Corruption in the University: Fraud Prevention and the Big Four Accountancy Firms

CHEF lunch talk. Speaker: Cris Shore, University of Auckland & Stockholm Centre for Organisational Research.

04.01.2018 | SØREN S.E. BENGTSEN

Dato tor 01 mar
Tid 12:00 13:00
Sted Danish School of Education, Campus Emdrup, Building D, room D120. Video-link to the Centre for Teaching Development and Digital Media, Aarhus University, building 1483, room 656.


Anthropologists have highlighted two key points of particular relevance to current debates about corruption. First, that the meaning of corruption varies cross-culturally; second, that discourses about corruption provide a useful lens for analysing hidden structures and social norms.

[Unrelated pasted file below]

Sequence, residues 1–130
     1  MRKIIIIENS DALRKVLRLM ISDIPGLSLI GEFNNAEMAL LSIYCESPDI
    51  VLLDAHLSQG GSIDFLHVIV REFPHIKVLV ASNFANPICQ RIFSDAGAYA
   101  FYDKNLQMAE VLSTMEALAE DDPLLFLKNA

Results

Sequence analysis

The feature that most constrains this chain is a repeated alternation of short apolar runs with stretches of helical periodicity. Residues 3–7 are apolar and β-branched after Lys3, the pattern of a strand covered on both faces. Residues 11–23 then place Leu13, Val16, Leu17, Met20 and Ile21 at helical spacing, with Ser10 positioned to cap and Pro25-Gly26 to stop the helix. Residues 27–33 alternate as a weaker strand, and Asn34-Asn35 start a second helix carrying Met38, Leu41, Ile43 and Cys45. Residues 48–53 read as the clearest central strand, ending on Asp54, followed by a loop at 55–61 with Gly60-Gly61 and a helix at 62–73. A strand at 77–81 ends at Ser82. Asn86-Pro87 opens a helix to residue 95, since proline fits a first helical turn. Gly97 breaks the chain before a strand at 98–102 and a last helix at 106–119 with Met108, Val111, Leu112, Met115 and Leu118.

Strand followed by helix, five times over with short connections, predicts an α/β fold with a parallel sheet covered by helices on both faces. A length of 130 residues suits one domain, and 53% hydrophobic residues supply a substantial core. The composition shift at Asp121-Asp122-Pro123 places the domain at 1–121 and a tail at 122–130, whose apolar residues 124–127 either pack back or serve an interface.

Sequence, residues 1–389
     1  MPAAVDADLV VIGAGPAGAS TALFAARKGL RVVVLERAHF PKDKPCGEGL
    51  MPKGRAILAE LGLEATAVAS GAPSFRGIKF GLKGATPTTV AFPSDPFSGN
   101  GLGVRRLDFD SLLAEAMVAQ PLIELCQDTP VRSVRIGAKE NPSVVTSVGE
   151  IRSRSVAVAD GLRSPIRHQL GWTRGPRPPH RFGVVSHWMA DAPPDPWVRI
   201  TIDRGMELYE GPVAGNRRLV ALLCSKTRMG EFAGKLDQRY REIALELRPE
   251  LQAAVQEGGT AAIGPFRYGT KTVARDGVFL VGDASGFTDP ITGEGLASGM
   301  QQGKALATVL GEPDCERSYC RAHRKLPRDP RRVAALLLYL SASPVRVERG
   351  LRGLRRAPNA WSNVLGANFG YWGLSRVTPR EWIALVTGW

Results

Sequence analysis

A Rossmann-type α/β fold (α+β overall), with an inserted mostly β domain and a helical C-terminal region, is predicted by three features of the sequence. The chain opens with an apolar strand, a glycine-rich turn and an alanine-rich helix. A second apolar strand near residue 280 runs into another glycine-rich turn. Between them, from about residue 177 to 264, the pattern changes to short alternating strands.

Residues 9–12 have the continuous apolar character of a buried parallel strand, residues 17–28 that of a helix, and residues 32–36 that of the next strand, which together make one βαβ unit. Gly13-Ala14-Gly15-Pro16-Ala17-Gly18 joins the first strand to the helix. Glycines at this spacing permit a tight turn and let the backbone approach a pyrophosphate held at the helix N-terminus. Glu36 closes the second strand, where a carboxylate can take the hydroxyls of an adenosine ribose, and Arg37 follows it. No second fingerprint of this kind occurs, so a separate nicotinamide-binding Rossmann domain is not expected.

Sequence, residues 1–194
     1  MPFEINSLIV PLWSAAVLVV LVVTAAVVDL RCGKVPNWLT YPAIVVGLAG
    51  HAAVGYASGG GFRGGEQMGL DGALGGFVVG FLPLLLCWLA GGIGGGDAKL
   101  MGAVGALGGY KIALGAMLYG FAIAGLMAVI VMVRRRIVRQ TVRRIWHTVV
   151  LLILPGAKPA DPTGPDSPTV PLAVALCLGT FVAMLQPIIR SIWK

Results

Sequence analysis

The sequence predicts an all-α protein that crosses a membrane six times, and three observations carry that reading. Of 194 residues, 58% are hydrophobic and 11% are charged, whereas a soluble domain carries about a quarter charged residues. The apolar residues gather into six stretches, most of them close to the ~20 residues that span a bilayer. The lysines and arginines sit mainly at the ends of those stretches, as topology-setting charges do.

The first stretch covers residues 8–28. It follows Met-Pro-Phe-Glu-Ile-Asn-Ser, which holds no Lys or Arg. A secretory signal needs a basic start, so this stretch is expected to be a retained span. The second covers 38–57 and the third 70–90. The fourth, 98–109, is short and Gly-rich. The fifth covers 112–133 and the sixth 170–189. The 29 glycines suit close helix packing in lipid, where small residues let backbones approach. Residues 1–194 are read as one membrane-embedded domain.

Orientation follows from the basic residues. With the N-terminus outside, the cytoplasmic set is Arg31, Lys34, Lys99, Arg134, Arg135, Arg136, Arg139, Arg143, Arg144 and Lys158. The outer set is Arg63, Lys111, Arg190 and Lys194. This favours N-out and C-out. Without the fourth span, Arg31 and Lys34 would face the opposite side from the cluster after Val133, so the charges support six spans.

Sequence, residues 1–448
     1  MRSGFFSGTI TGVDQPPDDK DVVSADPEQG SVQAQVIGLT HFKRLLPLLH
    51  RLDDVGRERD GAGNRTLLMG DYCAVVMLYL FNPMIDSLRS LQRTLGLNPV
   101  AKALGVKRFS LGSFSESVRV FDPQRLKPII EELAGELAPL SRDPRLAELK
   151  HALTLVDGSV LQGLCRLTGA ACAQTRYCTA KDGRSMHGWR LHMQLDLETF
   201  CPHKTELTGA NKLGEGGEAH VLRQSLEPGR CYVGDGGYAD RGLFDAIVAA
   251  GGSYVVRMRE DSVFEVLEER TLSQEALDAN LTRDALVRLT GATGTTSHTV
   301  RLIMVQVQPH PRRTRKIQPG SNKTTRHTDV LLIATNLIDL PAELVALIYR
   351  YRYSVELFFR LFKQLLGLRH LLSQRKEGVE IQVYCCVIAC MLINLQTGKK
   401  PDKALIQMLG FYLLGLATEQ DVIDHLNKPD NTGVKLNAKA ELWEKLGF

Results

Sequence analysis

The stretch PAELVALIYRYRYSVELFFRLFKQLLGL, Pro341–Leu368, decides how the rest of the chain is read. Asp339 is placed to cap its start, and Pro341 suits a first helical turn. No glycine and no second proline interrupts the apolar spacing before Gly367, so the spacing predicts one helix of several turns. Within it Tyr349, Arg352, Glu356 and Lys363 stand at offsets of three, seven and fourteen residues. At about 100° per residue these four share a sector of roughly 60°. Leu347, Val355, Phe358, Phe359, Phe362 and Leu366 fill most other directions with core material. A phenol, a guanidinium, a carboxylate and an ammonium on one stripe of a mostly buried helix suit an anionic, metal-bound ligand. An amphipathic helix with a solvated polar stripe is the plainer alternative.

Building on these insights, my paper explores the idea of corruption in the context of the university. If corruption has long been an object of academic interest, it is now a problem for academia itself – or so the rise in university anti-corruption initiatives and fraud-prevention hotlines would suggest. But have universities really become more corrupt?

Moving beyond Roscigno’s (2015) critique of ‘university bureaucracy as organised crime’, I use examples from Australiasian universities to explore how risk management, auditing and anti-corruption are being used to open up the university to external financial interests.

More specifically, I analyse the predatory practices of the Big Four international accountancy firms and their growing involvement in the anti-fraud industry. I argue that these not only highlight the ‘performativity’ of corruption narratives but also reveal how audit firms collude in the risk and corruption that they claim to ameliorate.